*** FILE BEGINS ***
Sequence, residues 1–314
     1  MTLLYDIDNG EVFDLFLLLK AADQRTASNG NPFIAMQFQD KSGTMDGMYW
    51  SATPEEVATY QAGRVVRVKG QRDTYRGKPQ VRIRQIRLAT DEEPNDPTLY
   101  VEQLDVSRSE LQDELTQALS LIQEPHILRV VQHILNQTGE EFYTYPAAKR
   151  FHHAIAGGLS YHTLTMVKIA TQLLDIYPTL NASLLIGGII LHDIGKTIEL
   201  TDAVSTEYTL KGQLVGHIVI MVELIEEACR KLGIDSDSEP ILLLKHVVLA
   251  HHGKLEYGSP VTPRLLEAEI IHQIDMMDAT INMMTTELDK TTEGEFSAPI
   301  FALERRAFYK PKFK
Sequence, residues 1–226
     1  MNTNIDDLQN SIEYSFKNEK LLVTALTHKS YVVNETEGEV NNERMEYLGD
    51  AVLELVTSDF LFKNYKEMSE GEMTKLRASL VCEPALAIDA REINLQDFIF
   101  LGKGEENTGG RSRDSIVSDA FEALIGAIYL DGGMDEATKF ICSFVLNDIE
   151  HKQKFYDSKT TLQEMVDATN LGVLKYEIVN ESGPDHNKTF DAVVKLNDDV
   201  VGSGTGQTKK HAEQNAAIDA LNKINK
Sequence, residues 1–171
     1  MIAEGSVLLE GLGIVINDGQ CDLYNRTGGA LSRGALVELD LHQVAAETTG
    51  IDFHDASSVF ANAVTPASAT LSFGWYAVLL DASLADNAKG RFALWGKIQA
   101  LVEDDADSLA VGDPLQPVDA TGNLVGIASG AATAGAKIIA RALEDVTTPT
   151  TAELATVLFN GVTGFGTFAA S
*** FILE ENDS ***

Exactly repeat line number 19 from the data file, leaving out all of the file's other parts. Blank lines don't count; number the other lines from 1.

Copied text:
   151  TAELATVLFN GVTGFGTFAA S